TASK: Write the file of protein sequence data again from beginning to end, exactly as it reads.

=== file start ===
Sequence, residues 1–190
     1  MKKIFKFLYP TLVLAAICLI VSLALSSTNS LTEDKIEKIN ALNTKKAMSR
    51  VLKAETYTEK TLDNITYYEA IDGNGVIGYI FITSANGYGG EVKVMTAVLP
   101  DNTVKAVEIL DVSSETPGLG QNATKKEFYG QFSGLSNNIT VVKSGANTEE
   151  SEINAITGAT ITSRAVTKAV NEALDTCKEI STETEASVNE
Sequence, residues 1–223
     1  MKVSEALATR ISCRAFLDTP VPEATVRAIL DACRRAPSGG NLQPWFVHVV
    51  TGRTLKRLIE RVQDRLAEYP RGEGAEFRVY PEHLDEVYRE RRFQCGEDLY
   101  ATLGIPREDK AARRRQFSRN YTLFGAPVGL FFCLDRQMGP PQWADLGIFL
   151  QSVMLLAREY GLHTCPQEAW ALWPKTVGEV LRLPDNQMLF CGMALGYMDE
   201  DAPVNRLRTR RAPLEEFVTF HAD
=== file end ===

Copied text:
Sequence, residues 1–190
     1  MKKIFKFLYP TLVLAAICLI VSLALSSTNS LTEDKIEKIN ALNTKKAMSR
    51  VLKAETYTEK TLDNITYYEA IDGNGVIGYI FITSANGYGG EVKVMTAVLP
   101  DNTVKAVEIL DVSSETPGLG QNATKKEFYG QFSGLSNNIT VVKSGANTEE
   151  SEINAITGAT ITSRAVTKAV NEALDTCKEI STETEASVNE
Sequence, residues 1–223
     1  MKVSEALATR ISCRAFLDTP VPEATVRAIL DACRRAPSGG NLQPWFVHVV
    51  TGRTLKRLIE RVQDRLAEYP RGEGAEFRVY PEHLDEVYRE RRFQCGEDLY
   101  ATLGIPREDK AARRRQFSRN YTLFGAPVGL FFCLDRQMGP PQWADLGIFL
   151  QSVMLLAREY GLHTCPQEAW ALWPKTVGEV LRLPDNQMLF CGMALGYMDE
   201  DAPVNRLRTR RAPLEEFVTF HAD